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Discipline & Grievance Essay

Disciplinary procedures are an aid to the effective management of people, and should not be viewed primarily as a means of imposing sanctions or as leading to dismissal. Where dismissal does occur, employees may make a complaint to an employment tribunal if they believe they have been unfairly dismissed, although ordinarily the employee must have one year’s service1. It is for the employer to show the reason for the dismissal and that it was a fair reason.

The tribunal will determine whether the dismissal was fair or unfair and will take into account the size and administrative resources of the employer in deciding whether they acted reasonably or unreasonably. The tribunal will take account of Code of Practice the guidance given in the Acas Code of Practice on Disciplinary and grievance procedures [327kb] (see Annexes A and C of the Code) and consider how far the statutory three-step procedures have been followed.

What does it mean? Check the glossary for more explanation of the terms used in this handbook. The Code of Practice provides guidance on good practice in disciplinary and grievance matters in employment, and includes information on the right to be accompanied at a disciplinary or grievance hearing. Acas handbook Although this handbook is purely advisory it complements the Code of Practice by giving additional practical advice. Discipline

Section 1 on discipline at work starts by explaining why organisations need rules and disciplinary procedures and gives an overview of how to handle discipline. It then looks in depth at. The rest of the part on discipline gives advice on handling absence, unsatisfactory performance and particular cases – such as those involving trade union representatives, criminal charges or employees in remote locations. Grievances Part 2 – Grievance procedures considers why organisations need procedures and gives advice on how to handle a grievance hearing.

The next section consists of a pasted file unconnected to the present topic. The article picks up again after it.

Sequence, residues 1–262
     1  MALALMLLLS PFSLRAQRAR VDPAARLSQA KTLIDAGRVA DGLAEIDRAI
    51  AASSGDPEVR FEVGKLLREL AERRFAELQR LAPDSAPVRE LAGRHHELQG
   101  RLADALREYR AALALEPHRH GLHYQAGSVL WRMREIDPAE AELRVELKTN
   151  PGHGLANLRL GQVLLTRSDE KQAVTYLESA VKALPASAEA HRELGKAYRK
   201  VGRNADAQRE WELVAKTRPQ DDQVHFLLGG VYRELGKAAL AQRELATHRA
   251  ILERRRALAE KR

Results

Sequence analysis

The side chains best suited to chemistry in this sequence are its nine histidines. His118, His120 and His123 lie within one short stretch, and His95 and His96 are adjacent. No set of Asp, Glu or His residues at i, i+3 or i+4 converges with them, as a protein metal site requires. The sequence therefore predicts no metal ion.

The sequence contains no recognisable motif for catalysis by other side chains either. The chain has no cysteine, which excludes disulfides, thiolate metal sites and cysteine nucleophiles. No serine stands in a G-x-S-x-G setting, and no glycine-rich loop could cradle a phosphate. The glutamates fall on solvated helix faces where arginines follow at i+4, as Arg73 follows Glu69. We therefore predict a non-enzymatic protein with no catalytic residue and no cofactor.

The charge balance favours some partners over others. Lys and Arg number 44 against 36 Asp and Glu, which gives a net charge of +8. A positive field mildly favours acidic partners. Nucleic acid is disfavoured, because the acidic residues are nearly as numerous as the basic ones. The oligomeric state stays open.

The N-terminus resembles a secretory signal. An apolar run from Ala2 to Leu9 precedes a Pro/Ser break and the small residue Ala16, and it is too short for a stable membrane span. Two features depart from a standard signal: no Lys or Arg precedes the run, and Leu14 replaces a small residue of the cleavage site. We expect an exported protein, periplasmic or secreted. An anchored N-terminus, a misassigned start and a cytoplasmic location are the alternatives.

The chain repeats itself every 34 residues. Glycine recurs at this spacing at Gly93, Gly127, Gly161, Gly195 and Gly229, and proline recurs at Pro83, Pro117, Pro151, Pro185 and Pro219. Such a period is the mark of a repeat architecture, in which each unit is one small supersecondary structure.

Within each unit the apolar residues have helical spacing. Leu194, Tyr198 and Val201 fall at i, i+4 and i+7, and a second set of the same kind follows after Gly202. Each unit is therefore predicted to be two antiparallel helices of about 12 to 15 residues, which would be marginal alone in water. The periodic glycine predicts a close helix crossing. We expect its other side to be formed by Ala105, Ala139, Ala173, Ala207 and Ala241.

Guidance is also given on special cases – such as those to do with bullying or harassment, discrimination and whistleblowing. In these sensitive areas some organisations may wish to develop separate procedures. The statutory minimum grievance procedures are also summarised in Part 2 Grievance procedures. The right to be accompanied Part 3- The right to be accompanied. Checklist for the right of accompaniment has information on the right to be accompanied at disciplinary and grievance meetings. Prevention is better than cure

Although it is important to deal with discipline and grievance issues fairly and effectively it is more important to prevent problems arising in the first place. The first step is to understand the relationship between discipline and grievance issues and wider issues like communication, induction and training. For example, if managers and staff are in the habit of talking to each other openly about what’s happening at work then specific problems – like lack of training or poor motivation – can be resolved before any disciplinary action becomes necessary.

Equally, if staff are given contracts of employment when they start work – including rules for absence, timekeeping and discipline, as well as details of pay, holidays etc – then there will be less opportunity for ambiguity if problems arise in the future. The use of the formal disciplinary and grievance procedures should be considered a ‘last resort’ rather than the first option. Many problems can be sorted out through informal dialogue between managers and staff –a ‘quiet word’ is often all that’s needed.

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